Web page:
Builders of Asian plaza want state to get it straight: They’re Vietnamese, not Chinese

The backdrop for the conflict is “Little Saigon” in Largo, envisioned as a regional center anchored by a soon-to-open tea lounge.
A Facebook page shows the developer's hopes for Little Saigon Plaza, envisioned as a regional Asian cultural center on U.S. 19 in Clearwater.
A Facebook page shows the developer's hopes for Little Saigon Plaza, envisioned as a regional Asian cultural center on U.S. 19 in Clearwater. [ Facebook ]
Published Sep. 3, 2019|Updated Sep. 3, 2019

LARGO — Hau Nguyen and Minh Son Nguyen were trying to pay fines and lift a stop-work order so they could continue building a new tea lounge envisioned as the start of a regional Asian cultural center.

The two men were stopped cold when they heard a comment from the speaker phone in front of them, something they weren’t meant to hear.

“Who? Oh, those Chinese guys,” said James Acaba, the man who had issued them the citations the day before over worker’s compensation compliance. Acaba thought he was only speaking to the person calling him about the paperwork.

But Hau and Minh Son are Vietnamese — a fact they had stressed with him earlier.

“He’s like a bully to us,” said Hau, who is not related to Minh Son.

“You don’t have to group them all together like that,” added James Morris, Minh Son’s son-in-law. “You don’t have to say everyone’s Chinese."

The three men soon confronted Acaba about the comment, but he brushed it off, they said, telling them he often gets called Mexican.

The encounter led Hau to send a complaint about Acaba to the inspector’s employer, the Florida Department of Financial Services. It has also made them question the merit of the original citation.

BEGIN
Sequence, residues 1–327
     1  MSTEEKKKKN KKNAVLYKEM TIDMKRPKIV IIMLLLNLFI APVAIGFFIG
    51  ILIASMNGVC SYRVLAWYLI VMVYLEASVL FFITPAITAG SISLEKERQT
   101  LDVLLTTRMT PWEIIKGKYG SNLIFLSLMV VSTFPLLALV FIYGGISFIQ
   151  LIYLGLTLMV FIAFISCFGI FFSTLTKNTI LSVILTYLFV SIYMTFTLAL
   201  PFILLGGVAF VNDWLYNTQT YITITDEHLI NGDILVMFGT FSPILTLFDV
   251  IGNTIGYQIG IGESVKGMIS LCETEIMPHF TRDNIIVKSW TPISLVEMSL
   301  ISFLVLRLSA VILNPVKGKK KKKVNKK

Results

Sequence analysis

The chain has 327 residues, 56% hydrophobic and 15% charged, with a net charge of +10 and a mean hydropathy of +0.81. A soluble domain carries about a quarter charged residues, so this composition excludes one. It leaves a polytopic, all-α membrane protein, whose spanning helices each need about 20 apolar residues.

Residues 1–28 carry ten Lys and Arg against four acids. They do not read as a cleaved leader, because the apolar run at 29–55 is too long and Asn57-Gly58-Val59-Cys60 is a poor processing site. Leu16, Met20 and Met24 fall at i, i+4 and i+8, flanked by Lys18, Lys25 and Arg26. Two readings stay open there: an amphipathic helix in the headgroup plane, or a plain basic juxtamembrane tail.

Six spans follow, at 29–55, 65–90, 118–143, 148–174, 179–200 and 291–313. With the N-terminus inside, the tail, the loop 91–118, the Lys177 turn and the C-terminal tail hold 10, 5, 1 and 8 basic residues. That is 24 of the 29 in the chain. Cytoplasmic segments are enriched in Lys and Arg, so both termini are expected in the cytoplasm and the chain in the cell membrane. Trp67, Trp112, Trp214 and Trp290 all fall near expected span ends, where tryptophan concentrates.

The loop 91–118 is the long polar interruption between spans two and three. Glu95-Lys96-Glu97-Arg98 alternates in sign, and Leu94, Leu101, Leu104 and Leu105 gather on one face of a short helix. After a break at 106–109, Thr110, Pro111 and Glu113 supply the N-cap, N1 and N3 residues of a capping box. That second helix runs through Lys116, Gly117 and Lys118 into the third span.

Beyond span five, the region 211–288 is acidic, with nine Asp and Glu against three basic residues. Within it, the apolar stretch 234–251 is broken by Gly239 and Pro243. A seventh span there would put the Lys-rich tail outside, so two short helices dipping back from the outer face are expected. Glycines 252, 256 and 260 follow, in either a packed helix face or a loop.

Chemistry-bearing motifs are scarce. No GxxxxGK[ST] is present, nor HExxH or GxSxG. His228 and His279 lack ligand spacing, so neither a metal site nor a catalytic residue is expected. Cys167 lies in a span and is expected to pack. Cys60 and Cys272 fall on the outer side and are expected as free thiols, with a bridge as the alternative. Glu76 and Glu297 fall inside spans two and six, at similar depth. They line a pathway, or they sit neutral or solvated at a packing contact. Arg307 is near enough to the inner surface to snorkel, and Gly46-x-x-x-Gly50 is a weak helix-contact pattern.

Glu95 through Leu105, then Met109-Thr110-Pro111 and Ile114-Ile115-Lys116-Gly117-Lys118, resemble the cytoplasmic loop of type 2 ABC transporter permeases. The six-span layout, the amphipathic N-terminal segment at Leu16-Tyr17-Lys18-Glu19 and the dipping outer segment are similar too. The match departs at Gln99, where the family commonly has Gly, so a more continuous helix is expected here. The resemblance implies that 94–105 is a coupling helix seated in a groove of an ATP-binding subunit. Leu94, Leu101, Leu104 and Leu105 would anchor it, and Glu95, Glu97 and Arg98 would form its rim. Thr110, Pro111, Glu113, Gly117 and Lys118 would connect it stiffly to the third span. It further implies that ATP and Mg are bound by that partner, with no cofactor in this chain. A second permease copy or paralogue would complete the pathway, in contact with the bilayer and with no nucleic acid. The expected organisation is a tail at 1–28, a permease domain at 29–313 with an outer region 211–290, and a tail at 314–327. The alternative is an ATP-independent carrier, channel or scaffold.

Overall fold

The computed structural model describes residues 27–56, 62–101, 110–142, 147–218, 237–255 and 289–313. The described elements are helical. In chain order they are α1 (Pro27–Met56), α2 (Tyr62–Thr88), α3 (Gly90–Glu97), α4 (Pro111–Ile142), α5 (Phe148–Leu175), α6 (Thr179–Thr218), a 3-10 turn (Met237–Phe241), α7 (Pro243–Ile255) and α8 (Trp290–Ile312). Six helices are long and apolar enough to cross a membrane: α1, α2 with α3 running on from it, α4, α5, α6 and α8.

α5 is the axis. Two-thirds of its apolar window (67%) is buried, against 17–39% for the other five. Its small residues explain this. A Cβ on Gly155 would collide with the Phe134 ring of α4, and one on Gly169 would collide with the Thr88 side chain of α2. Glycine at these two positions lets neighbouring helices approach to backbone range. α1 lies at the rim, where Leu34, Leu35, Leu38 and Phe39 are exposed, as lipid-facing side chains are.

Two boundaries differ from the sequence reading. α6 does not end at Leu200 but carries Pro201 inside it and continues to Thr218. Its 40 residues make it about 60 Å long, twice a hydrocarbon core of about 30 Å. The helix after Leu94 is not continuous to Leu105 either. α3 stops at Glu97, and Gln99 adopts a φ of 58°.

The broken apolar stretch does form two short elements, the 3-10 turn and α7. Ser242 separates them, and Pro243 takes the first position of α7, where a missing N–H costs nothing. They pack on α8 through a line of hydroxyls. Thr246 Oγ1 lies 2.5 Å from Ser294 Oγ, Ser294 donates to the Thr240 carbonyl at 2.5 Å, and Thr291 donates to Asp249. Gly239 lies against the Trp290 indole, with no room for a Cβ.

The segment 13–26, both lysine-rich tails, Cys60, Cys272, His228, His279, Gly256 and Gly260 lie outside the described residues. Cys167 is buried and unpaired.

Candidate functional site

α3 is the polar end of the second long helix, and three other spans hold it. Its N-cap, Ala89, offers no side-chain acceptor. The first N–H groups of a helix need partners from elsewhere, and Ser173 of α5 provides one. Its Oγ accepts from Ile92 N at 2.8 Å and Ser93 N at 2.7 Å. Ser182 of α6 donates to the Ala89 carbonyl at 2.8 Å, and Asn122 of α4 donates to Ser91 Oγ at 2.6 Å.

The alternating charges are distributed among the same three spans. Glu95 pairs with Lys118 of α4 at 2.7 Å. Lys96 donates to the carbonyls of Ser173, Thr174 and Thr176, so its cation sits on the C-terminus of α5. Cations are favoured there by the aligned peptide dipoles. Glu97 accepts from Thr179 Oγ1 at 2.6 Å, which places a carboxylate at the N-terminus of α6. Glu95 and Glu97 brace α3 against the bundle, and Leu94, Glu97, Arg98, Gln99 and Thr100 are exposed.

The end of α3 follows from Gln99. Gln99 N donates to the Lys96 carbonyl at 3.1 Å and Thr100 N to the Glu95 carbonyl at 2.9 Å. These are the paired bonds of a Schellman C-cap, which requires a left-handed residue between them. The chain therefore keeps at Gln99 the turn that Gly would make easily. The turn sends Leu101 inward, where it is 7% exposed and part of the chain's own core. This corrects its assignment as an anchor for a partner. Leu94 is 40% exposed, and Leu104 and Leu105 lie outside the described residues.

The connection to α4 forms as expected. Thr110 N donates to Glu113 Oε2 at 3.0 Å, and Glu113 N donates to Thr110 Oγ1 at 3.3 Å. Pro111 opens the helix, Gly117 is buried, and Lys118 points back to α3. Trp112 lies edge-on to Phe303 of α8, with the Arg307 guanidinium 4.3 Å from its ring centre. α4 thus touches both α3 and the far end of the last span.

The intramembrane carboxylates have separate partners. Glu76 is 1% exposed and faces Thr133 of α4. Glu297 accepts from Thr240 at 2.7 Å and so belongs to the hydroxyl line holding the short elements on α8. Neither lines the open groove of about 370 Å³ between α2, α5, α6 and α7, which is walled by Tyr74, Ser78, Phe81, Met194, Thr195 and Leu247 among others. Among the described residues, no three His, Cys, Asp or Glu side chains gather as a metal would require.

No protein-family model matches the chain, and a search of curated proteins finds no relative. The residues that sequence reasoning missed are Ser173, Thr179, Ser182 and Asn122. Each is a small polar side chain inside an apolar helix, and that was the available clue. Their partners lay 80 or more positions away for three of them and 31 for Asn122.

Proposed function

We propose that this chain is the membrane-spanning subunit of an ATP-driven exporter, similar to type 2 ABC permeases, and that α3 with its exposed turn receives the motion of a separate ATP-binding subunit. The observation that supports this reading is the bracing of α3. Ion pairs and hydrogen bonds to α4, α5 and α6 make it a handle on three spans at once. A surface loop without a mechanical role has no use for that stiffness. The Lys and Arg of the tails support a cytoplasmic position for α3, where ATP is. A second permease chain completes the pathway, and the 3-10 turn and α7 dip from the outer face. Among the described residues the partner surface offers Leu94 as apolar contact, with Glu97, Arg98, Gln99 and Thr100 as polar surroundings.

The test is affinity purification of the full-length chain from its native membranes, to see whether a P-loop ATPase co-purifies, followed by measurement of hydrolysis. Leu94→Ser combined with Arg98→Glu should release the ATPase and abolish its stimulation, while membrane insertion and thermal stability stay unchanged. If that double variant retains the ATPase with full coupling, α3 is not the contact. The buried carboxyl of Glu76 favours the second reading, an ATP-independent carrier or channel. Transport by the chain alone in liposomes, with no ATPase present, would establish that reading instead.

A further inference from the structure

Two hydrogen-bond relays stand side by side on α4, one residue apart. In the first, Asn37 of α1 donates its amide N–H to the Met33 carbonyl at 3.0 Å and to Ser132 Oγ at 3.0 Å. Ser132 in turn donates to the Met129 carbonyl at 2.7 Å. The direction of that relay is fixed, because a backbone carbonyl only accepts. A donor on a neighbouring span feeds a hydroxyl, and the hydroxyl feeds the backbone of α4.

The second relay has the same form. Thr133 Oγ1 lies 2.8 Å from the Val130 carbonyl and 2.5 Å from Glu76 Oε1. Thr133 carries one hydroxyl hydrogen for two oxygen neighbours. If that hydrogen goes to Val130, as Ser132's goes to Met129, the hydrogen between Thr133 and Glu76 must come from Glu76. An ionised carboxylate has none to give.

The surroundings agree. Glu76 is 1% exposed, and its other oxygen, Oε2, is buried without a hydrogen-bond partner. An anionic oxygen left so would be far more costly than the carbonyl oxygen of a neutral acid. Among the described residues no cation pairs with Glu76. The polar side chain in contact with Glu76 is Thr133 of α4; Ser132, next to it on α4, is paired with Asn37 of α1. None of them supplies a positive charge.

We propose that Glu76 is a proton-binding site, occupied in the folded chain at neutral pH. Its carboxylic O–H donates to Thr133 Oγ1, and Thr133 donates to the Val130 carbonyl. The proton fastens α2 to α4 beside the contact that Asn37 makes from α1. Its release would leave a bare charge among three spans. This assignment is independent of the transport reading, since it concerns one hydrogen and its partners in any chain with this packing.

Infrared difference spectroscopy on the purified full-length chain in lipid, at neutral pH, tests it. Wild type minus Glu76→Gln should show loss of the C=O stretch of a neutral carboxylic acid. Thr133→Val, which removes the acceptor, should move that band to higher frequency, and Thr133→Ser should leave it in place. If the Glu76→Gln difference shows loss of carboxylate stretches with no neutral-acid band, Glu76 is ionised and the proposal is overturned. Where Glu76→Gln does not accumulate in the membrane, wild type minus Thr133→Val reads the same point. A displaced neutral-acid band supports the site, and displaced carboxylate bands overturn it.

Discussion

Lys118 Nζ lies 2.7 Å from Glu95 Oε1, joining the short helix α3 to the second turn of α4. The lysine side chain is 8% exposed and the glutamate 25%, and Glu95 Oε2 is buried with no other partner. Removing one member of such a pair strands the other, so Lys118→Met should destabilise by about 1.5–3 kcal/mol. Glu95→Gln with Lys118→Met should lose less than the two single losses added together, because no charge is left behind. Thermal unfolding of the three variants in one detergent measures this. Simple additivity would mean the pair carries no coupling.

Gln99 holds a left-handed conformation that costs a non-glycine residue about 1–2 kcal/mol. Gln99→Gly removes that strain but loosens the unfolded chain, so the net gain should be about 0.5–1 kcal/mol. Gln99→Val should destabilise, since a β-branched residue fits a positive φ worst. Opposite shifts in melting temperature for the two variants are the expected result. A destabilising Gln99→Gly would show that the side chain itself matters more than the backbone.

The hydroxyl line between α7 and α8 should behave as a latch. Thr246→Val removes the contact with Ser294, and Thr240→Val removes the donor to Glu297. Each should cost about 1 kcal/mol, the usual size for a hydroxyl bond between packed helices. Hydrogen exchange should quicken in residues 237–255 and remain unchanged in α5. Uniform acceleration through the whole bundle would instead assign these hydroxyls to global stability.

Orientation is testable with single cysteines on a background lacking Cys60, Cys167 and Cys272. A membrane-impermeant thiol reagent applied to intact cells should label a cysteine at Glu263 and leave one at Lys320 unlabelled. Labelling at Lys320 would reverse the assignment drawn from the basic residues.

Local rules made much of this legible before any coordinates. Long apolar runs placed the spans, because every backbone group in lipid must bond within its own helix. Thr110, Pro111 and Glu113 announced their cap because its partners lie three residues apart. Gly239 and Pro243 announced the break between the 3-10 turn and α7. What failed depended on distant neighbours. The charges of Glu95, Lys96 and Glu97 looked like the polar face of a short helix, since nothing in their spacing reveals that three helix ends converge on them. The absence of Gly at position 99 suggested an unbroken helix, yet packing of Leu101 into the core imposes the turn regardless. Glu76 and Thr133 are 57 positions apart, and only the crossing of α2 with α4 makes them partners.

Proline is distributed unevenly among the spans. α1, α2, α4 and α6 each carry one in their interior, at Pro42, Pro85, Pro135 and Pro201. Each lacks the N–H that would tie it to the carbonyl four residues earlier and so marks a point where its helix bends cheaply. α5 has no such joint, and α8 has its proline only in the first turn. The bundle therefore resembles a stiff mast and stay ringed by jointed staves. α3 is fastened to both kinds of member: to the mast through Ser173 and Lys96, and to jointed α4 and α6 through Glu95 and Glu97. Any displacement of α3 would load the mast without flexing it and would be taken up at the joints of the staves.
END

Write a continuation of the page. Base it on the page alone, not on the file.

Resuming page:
The complaint has been referred to the department’s human resources office, said spokeswoman Alecia Collins. The office will decide whether to recommend administrative action.

The department does not tolerate the kind of behavior Hau Nguyen described, Collins said.

Since sending the complaint, Hau Nguyen said, he has not heard back or had phone calls returned.

Acaba did not respond to requests for an interview.

The backdrop for the conflict is a planned “Little Saigon” plaza at 14100 U.S. 19 N, in a business center that now is mostly empty. The tea lounge is set to open in September as an anchor, to be followed by a nail salon, a Korean barbecue buffet and an Asian-owned tax and insurance company.

Developer Viktor Pham sees the plaza as a destination for Asian people from Brandon to New Port Richey, a place they can socialize and shop.

He is inspired by the success of a similar effort in Kansas City spearheaded by California real estate investor Eric Phan, who also is a stakeholder in the Clearwater project.

Phan, a South Vietnamese refugee, points with pride to the South Vietnamese flag flying in the Clearwater plaza — a reminder of the days before Saigon fell to the Viet Cong in 1975 and was renamed Ho Chi Minh City.

“People forget the Vietnamese south side," Phan said. “Lots of people here don’t understand this.”

Pham hopes the plaza can be the home of karaoke nights, performances and celebrations of holidays like the Lunar New Year. He hopes to turn the exterior into a pagoda and envisions a rooftop bar in the center.

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Still, his enthusiasm is tempered by his contractors’ encounter with the state inspector.

“I hate people picking on us because of our race,” Pham said.

Hau Nguyen said he was wrongly lumped in with another company when he was fined $1,000 over his worker’s compensation compliance.

A company run by Minh Son Nguyen and James Morris, called Morrison and Son Construction, had incorrectly filed their worker’s compensation papers but Hau isn’t connected with them, he said.

He said he had no luck trying to explain this to the inspector. But it was the comment about the “Chinese guys” that helped drive him to lodge the complaint.

“We want to bring awareness to the state," he said, "on what type of people they hire."

Editor’s note: An earlier version of this story had an incorrect location for Little Saigon Plaza.

Times senior researcher Caryn Baird contributed to this report.